Originally appeared in the CAS Weekly NewsBlast. Written by Attorney Thomas B. Mooney.

Dear Legal Mailbag:

legal_mailbag_transparentI need some clarification. As a new assistant principal, I am responsible for coordinating meetings with non-tenure teachers to give them the good news or the bad news about their tenure prospects. I took this really good school law course, and I understand that teachers receive tenure after they work for a district for forty consecutive school months. I also know that there are special rules about leaves and layoffs and such. In fact, I even know about “short track” tenure, when a teacher comes to us with tenure from another Connecticut school district. But the basic premise of tenure is clear — when you come to our district without tenure from your last employing school district, you need to work forty school months before you get tenure.

Yesterday, however, I had a very unpleasant conversation with one of the teachers I supervise. She is in her third year of employment in my district, and she has been having some trouble this year. I wanted to give her a friendly heads-up that if she doesn’t turn things around in the next two months, we may well be non-renewing her contract. Being new and enthusiastic, I did my homework before talking to her and, in checking her file, I saw that after working for quite a while for a school district downstate, she had taken a couple of years off and then came to us after working just a year in a neighboring school district. You can imagine my surprise, therefore, when she interrupted me to say that I should save my breath because she already had tenure. She seemed so certain that I didn’t argue with her, but rather mumbled a quick apology and left. But I am ready to meet with her again and straighten her out if I can. Are there any circumstances under which she could be right?

Still Learning

Dear Learning:

Indeed there are. We need to know more about this teacher’s work history to be sure, but from the facts you provided, it is at least possible that this teacher has tenure. We can figure this out together by first reviewing the rules for “short track” tenure and then taking another look at her work history.

As you acknowledged,a teacher may achieve tenure status after twenty months if they come to you from a district in Connecticut where they had tenure, which we often call “short track” tenure. But there is more to the story. The specific wording in the statute is:

any teacher who has attained tenure with any one board of education and whose employment with such board ends for any reason and who is reemployed by such board or is subsequently employed by any other board, shall attain tenure after completion of twenty school months of continuous employment . . . . The provisions of this subparagraph shall not apply if . . . for a period of five or more calendar years immediately prior to such subsequent employment, such teacher has not been employed by any board of education.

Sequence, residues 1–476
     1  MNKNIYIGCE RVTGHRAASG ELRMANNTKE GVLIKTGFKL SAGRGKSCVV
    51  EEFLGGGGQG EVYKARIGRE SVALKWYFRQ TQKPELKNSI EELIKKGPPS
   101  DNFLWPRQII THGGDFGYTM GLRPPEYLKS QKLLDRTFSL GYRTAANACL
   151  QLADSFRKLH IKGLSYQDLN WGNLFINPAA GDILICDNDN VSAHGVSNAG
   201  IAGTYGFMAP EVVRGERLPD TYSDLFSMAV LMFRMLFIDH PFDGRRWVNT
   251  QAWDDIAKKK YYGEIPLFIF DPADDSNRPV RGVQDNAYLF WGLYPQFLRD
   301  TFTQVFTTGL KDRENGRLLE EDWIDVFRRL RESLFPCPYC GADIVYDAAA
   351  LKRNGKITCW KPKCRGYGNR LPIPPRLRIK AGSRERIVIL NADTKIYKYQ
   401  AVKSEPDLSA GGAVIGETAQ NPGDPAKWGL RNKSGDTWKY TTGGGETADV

Significantly, the statute simply requires that the teacher have had tenure in another Connecticut school district within the preceding five years and is then employed by another Connecticut school district. It is possible for a teacher to take time off, then have just a year’s employment before being hired, and still be eligible for “short track” tenure. The key is to look at the entire five-year period before your district employed the teacher. If the teacher had tenure in a Connecticut school district at any time during those five years, he or she will be eligible for tenure after twenty school months.

Here, we must look to see whether the teacher’s long service (and attainment of tenure) in the district downstate ended less than five years before your district hired her. If she had tenure within that preceding five year period, she achieved tenure status in your district after twenty school months, without regard to the time off and the short stint immediately before she was hired.

Finally, any talk about “short track” tenure wouldn’t be complete without noting that teachers in priority school districts achieve tenure in ten months if they achieved tenure anywhere in the United States ever; the limitations to the preceding five years and to Connecticut school districts do not apply. The General Assembly adopted this special rule for priority school districts in 2010, which is a special burden and problem for priority school districts, because ten months is way too short a time to appropriately evaluate a teacher for tenure status. We can only hope that the General Assembly corrects this mistake in a future session.

Please submit your questions to: legalmailbag@casciac.org.